Tracing the relationships and networks of trust in Western European revolutionary situations from the Ancient Greeks to the French Revolution and beyond, Francesca Granelli here shows the essential role of trust in both revolution and government, arguing that without trust, both governments and revolutionary movements are liable to fail. The first study to combine the important of trust and the significance of revolution, this book offers a new lens through which to interpret revolution, in an essential work book for all scholars of political science and historians of revolution.
The Communist Manifesto (1848), Marx and Engels's revolutionary summons to the working classes, is one of the most important and influential political theories ever formulated. After four years of collaboration the authors produced this incisive account of their idea of Communism, in which they envisage a society without classes, private property or a state. They argue that increasing exploitation of industrial workers will eventually lead to a revolution in which Capitalism is overthrown. This vision provided the theoretical basis of political systems in Russia, China, Cuba and Eastern Europe, affecting the lives of millions. The Communist Manifesto still remains a landmark text: a work that continues to influence and provoke debate on capitalism and class.
“A provocative extension of Jefferson’s original plan.”—Kirkus Reviews Thomas Jefferson believed that every generation of Americans should rewrite our Constitution from scratch—to mirror the progress of the human mind and, most of all, to maintain the revolutionary spirit. He would be dismayed that it’s considered untouchable these days. Taking up Jefferson’s cause, Christopher Phillips leads a motley group of Americans across the fruited plain in an offbeat Constitutional Convention. His Constitution Café project is sparking a much-needed conversation about our founding document and forging common ground at a time when our country needs it most.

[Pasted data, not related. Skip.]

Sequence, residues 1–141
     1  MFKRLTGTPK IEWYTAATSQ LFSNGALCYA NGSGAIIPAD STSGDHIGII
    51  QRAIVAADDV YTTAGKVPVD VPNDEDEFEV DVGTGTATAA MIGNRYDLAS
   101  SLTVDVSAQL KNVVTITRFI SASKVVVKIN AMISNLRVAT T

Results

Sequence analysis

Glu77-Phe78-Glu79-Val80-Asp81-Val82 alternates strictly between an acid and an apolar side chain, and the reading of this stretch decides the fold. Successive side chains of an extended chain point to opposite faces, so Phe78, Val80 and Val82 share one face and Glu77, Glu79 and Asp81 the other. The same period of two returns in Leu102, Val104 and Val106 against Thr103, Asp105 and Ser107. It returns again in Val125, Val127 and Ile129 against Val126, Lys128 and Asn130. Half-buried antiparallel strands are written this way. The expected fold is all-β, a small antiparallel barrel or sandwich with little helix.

'She is alive and active - we hear her voice and trace her influence even now' Virginia Woolf Writing in an age when the call for the rights of man had brought revolution to America and France, Mary Wollstonecraft produced her own declaration of female independence in 1792. Passionate and forthright, A Vindication of the Rights of Woman attacked the prevailing view of docile, decorative femininity, and instead laid out the principles of emancipation: an equal education for girls and boys, an end to prejudice, and for women to become defined by their profession, not their partner. Mary Wollstonecraft's work was received with a mixture of admiration and outrage - one critic called her 'a hyena in petticoats' - yet it established her as the mother of modern feminism.
While the arms race of the post-war period has been widely discussed, Purcell explores the under-acknowledged but critical role another kind of 'race' – that is, race as a biological and sociological concept – played within the global and cultural Cold War.